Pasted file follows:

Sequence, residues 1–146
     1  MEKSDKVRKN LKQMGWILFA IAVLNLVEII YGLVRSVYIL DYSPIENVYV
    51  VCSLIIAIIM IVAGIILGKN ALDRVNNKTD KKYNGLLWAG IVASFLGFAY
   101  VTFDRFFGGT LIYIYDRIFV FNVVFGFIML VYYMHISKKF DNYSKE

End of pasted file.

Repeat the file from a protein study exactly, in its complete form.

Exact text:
Sequence, residues 1–146
     1  MEKSDKVRKN LKQMGWILFA IAVLNLVEII YGLVRSVYIL DYSPIENVYV
    51  VCSLIIAIIM IVAGIILGKN ALDRVNNKTD KKYNGLLWAG IVASFLGFAY
   101  VTFDRFFGGT LIYIYDRIFV FNVVFGFIML VYYMHISKKF DNYSKE